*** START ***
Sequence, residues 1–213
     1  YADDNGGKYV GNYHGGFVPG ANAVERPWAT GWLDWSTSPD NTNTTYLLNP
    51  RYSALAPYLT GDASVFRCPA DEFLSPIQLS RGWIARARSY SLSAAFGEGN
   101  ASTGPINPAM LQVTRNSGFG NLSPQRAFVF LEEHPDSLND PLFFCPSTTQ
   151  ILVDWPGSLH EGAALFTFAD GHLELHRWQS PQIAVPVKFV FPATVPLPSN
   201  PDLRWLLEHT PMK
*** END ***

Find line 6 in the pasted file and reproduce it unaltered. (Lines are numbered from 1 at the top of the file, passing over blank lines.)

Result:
   201  PDLRWLLEHT PMK